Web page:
Now, my youngest 3, Science was the last thing we want to do! I mean last!

Then I was recommended to try:

Christian Kids Explore series. It is written by a homeschooling mom! That was a plus to me! It is on a 2 day a week plan! I love it!

We are 1/2 way through Biology, and have had a blast, learning and doing!! I also added a supplement to it with full kits from Homeschoolscience.com

These boxes have EVERYTHING you need to do experiments and worksheets! I had a problem with the microscope, and left a message and they personally called back and I laughed with the owner! She was so awesome!

I have learned to almost love Science (at least Biology) and look forward to next years! My kids enjoy it! We do science for an hour 2times a week!

I have pics on my blog of different days of science! It is pretty cool...come on over; read and enjoy!


Now to master apostrophes!

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David Attenborough videos for biology. My favorites are the Life of Birds, Life of Mammals, Life in the Undergrowth, Private Life of Plants (and I think there was one on reptiles too?)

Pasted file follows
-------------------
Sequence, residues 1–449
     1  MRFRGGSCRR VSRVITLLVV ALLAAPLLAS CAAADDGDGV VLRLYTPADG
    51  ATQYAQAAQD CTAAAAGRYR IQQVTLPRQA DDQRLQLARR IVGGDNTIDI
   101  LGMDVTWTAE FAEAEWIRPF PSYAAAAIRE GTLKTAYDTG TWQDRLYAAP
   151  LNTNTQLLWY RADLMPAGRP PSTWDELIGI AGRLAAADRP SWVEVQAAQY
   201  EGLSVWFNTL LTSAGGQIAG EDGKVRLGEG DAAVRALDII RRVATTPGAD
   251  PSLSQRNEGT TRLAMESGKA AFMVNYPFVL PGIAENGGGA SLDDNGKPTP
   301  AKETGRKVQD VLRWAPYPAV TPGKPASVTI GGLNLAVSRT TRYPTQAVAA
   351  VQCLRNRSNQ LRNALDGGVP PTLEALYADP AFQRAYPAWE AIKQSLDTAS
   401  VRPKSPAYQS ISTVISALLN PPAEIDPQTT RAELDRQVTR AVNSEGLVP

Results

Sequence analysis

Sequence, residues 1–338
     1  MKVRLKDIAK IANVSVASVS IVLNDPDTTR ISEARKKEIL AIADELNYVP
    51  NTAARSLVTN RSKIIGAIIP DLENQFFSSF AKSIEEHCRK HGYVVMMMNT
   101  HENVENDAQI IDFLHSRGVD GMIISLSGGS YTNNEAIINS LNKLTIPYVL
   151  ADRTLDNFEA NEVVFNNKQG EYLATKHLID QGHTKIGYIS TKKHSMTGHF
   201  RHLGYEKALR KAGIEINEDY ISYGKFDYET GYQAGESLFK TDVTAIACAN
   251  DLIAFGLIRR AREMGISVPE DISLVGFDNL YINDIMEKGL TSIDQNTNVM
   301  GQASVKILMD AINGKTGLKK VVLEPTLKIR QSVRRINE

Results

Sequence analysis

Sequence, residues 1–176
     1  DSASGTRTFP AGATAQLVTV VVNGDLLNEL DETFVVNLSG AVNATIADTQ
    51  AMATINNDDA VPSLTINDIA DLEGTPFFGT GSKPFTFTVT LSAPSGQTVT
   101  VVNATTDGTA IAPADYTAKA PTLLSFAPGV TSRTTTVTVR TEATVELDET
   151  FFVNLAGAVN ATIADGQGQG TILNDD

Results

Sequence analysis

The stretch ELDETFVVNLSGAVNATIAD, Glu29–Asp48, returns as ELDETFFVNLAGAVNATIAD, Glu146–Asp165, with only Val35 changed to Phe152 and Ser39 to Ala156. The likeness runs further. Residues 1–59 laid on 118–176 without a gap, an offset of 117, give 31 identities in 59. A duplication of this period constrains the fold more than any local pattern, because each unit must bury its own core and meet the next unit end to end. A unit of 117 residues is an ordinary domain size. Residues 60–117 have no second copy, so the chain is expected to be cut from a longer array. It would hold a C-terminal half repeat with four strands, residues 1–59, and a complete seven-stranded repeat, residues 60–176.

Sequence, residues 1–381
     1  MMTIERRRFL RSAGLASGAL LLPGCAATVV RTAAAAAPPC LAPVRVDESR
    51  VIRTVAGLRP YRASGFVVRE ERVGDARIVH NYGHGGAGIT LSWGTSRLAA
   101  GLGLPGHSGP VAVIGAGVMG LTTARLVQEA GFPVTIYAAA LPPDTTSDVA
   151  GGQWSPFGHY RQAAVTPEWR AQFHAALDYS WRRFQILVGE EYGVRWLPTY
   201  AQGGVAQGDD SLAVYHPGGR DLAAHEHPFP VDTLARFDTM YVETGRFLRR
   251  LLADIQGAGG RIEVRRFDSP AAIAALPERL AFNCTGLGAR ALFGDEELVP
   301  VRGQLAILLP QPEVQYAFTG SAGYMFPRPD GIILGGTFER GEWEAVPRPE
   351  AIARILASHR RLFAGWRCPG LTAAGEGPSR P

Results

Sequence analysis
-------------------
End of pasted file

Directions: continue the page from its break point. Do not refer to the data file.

Here's a taste:


Be sure to listen past 1:55 where the bird starts imitating cameras and car alarms.




Okay THAT was awesome! :D


I can't believe how that bird can imitate the camera and stuff!!

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Both of my creative dc liked Apologia Biology. Dd is doing Apologia Chemistry right now. She is doing well, but it takes her a long time to do it. For chemistry, since it is SO hard for creatives, I like Real Science 4 Kids. I still may succeed in getting dd to switch!


Ds enjoyed BJU Space and Earth Science. Even though it is an 8th grade text, it is definitely high school material. You may need to beef up the labs, though.